20NN precomputed using distance on 64x64. Then Dijkstra's. Precomputation takes too long. Network bandwidth is the limiting reagent, as the pictures are stored on nfs
20NN precomputed using distance threshold on 8x8 (all in memory), thresholding and heaping the results, then loading the top 50 64x64 into memory to find the closest 20. Then Dijkstra's. Precomputation takes too long.
Same as above, but using A* and computing 20NN on demand. This was very educational. I was against this at first since I thought that the bulk of time spent should be on the precomputation. Whether or not this is possible, A* takes too long here. Data loading of the 8x8 also takes a long time.
Same as above, but with the 8x8's copied to a local drive. This never fully worked since the anim cluster has minimal hard drive space and the Wean cluster computers run out of inodes.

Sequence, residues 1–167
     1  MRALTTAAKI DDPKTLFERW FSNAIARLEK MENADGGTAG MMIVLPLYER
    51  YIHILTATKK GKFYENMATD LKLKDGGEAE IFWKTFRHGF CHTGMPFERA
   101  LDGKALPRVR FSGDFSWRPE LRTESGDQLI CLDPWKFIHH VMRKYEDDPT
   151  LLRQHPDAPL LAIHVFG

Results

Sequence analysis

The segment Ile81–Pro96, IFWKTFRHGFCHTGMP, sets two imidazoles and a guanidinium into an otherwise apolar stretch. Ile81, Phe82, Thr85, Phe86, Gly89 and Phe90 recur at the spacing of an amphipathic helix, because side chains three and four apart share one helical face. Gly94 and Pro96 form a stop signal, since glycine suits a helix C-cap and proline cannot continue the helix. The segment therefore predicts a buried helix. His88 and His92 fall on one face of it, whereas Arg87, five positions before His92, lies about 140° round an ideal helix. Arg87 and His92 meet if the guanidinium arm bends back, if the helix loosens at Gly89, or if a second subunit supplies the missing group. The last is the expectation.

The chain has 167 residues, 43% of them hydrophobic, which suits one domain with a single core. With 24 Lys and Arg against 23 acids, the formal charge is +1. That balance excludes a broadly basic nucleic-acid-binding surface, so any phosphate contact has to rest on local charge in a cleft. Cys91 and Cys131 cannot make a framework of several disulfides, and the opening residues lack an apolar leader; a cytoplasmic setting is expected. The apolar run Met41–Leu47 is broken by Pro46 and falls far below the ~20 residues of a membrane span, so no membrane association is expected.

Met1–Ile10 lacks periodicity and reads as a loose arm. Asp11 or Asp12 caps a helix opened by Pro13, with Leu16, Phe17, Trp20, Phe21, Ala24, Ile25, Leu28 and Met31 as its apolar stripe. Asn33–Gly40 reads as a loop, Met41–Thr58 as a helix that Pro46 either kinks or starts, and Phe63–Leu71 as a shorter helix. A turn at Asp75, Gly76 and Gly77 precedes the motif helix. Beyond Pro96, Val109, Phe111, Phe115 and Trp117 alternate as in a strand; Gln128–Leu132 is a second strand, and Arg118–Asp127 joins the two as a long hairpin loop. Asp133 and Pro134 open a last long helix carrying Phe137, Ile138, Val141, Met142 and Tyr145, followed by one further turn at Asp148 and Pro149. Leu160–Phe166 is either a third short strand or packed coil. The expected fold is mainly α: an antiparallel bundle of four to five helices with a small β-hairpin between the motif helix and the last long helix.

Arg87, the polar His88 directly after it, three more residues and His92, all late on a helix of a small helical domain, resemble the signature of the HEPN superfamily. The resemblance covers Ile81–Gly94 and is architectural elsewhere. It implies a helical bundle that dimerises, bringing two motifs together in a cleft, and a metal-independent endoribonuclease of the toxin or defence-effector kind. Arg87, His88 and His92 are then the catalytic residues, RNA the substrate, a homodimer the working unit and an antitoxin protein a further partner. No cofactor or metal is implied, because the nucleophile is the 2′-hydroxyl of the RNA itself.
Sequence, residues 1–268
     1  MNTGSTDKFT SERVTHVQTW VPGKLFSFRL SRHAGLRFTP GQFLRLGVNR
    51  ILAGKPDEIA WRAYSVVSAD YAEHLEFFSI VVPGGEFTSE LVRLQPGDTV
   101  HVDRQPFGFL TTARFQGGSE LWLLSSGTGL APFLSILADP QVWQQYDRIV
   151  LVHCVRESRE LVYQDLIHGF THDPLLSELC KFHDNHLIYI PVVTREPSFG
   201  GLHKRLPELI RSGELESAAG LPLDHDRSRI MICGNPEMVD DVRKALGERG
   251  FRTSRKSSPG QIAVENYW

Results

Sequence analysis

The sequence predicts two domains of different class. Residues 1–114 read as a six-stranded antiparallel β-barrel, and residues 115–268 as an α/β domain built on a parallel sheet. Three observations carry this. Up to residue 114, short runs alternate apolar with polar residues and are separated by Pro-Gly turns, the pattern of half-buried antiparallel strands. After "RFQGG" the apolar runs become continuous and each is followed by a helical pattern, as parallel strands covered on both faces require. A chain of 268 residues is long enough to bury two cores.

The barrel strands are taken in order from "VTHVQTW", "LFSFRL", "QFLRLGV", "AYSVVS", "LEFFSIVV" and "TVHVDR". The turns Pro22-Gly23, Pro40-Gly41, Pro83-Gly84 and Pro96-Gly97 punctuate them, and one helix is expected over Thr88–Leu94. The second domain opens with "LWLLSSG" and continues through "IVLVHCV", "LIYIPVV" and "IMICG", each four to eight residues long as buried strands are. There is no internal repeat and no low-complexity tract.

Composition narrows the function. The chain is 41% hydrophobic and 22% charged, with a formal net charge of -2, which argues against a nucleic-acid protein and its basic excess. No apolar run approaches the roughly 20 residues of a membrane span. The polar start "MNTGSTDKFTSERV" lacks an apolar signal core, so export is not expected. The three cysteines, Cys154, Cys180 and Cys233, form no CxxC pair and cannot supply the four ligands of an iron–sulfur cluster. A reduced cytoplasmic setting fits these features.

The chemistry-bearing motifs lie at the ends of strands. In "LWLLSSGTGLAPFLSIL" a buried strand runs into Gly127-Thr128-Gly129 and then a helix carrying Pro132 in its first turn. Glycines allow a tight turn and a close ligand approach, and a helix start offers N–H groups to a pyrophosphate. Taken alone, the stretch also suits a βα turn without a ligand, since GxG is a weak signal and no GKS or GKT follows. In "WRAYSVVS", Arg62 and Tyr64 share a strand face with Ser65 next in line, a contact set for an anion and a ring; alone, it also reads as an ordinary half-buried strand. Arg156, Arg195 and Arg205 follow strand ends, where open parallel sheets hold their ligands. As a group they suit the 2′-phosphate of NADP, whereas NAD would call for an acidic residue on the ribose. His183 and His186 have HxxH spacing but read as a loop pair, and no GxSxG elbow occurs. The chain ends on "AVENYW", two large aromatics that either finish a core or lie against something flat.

Same A*, but with the precomputation of reading all 8x8s and writing them out as a giant flatfile, once. I could then copy this flatfile to other computers. 64x64s are still on nfs.
I realized that I didn't need to run A*, since I actually don't care which starting images I use. Thus I can run a greedy algorithm - take a random image, find the nearest, find the nearest to that not in the path, etc. If the data is suitably dense, this will look good, and it is O(|V| * p), where p=length of path. The A* function is still in the code; if I ever have two images I want to find the path between, and a Yahoo cluster to run on, it is ready.
I compare images of different aspect ratios by padding the textures (duplicating the last row/column) to get them to an aspect ratio of 640x480. I tried only using pics in this aspect ratio, or close to it (this was a coding pain). With this criterion only half the two million images get used. However, the degradation in min path quality is significant - maybe some threshold of pictures needed was crossed, in the wrong direction. Back to all pics.
Morphing between images was implemented with a uniform grid and matching image gradient patches.